Obeidat added: “The prime issue is punishment once detected, because you want people to hear horror stories about the penalties, or the consequences of breaching the law. But in order to have a sensible approach to deterrence, you need a proper monitoring and detection system.”
Major Al-Hassan suggested a better alternative to a one-step 100 percent increase in tobacco duty was a phased-in increase over five years, as with the 1995 GCC tobacco tax. He said: “I disagree with the sudden rises in taxes. Even when alcohol was banned, it was done in three stages.”
A phased-in approach would give customs authorities more time to put in place newer track and trace technology, resulting in corrective action to disrupt the flow of smuggled cigarettes, and the provision of valuable data and insights into overall smuggling activities and trends.
Budd said if duty on tobacco products was increased by another 100 percent, the action would need to be supported by education, supervision and deterrent, “otherwise it becomes farcical, because there will be alternative markets emerging.” He said illicit trade was “almost a tourist attraction”, in the UAE, highlighting Dubai’s Karama shopping area, and raising a serious question mark over the region’s ability to cope with any increase in illicit trade which could result from a sharp rise in duty on tobacco products. “I just wonder, have we got the infrastructure to actually do it,” he said.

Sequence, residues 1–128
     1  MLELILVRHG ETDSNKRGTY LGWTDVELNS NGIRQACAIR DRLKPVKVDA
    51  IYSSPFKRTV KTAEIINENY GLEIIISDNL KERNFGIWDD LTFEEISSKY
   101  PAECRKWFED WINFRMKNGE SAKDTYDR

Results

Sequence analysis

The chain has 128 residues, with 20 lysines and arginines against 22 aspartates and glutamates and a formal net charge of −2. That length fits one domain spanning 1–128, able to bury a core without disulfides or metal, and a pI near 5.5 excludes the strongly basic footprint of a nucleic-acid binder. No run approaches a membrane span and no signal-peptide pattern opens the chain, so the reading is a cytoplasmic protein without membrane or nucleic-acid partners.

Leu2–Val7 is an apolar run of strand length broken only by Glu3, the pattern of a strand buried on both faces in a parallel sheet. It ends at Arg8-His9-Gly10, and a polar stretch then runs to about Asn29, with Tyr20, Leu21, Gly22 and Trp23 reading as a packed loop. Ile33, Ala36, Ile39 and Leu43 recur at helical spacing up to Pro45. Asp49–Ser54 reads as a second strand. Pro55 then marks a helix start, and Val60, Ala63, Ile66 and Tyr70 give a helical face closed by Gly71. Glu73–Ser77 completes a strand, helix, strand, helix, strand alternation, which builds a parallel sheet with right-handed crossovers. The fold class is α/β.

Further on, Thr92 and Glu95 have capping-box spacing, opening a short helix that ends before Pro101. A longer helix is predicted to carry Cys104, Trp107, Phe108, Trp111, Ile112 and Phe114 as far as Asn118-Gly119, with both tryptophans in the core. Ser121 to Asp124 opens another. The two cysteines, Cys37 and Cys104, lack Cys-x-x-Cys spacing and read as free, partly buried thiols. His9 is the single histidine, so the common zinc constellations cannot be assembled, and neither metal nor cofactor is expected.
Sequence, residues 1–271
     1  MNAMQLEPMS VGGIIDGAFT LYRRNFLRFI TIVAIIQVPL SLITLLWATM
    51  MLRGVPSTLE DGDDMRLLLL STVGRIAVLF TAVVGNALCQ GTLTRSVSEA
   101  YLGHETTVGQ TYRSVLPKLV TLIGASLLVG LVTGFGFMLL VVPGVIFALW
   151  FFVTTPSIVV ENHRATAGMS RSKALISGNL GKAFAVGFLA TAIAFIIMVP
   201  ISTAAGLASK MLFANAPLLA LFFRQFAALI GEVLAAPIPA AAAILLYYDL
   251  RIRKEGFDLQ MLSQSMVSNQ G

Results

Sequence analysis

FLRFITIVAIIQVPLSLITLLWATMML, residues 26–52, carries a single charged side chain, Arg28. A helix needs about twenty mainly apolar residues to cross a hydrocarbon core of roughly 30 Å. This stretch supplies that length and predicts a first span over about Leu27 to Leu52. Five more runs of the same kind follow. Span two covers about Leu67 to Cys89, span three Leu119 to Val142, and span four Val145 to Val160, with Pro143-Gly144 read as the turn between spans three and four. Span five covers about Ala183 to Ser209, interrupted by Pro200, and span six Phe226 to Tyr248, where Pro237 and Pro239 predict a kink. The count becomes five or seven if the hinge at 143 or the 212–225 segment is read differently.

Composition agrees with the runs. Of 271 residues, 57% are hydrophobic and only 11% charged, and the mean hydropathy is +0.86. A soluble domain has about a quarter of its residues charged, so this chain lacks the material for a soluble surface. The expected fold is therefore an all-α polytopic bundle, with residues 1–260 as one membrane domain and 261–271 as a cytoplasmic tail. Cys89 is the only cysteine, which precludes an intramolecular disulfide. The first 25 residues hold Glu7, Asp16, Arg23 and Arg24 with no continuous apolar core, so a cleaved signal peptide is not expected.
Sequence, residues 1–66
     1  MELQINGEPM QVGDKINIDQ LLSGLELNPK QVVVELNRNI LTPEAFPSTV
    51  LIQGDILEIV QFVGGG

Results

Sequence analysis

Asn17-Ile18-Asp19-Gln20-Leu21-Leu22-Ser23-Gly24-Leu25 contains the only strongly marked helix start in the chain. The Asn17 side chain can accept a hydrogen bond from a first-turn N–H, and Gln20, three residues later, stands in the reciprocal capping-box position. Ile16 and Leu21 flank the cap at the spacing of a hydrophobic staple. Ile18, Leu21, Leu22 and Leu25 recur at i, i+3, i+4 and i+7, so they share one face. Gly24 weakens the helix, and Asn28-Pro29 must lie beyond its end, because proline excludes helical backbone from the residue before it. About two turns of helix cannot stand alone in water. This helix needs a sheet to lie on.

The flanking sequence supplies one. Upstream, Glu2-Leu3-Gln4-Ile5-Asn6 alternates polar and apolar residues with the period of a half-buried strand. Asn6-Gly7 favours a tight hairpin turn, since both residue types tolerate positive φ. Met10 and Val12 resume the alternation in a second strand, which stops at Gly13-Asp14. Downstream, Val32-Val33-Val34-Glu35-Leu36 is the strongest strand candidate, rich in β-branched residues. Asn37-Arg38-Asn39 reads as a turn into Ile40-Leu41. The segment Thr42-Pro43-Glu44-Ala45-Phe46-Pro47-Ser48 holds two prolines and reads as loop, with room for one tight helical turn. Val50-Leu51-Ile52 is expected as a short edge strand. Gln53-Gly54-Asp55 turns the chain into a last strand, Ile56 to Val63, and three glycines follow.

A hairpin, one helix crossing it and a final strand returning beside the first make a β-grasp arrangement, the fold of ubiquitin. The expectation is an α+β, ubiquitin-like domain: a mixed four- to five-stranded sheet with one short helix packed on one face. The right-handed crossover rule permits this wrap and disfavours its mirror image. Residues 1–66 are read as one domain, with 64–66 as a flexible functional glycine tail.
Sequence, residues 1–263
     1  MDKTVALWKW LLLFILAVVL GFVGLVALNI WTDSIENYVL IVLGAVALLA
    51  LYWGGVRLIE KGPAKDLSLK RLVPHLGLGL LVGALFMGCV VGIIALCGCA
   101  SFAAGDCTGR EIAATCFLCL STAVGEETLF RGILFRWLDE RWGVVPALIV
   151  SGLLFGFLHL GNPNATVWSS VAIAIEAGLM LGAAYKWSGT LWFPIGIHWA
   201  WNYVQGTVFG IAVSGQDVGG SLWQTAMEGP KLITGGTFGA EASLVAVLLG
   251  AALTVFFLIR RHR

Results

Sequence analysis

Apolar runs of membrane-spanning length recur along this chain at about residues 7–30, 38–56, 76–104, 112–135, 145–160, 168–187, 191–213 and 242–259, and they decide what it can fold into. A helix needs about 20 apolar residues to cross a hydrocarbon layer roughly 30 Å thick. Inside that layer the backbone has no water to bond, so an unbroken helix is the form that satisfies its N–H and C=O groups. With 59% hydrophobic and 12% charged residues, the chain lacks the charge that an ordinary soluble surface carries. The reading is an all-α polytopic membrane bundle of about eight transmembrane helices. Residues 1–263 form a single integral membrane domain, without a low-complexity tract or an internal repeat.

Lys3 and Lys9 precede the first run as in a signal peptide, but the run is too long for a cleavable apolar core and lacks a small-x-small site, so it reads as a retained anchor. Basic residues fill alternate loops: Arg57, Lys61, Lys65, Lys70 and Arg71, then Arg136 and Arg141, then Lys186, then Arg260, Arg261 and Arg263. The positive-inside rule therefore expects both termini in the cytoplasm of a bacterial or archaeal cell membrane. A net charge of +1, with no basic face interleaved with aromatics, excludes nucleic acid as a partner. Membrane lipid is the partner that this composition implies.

Al-Hassan commented: “If you raise tax, illicit trade will begin and governments must then spend big sums of money to combat that illicit trade.” He said the UAE “would require more resources to handle the knock on effects at border controls.” And he added: “We would have to close our borders and tell tourists not to come, until we find a solution”.
Budd reiterated the need to remove the "cool factor" which may still be attached to smoking, particularly among the younger generation. By changing the habits of smokers and implementing greater barriers in public places, the attitudes towards smoking will begin to change.
Summarizing the “risk-reward” nature of a major rise in tobacco duty against the alternative option of a phased-in approach, Davidson said: “The overriding objective of any government or regulatory authority has to be to improve the health of its population, and by necessity, it also has to be to maintain and improve government revenue streams.
“Attached to any reward there are going to be risks, and the risk in this instance is the risk of increased counterfeit trade derived from organised crime, which would result in a requirement for increased resources of enforcement and better regulation and stiffer penalties.”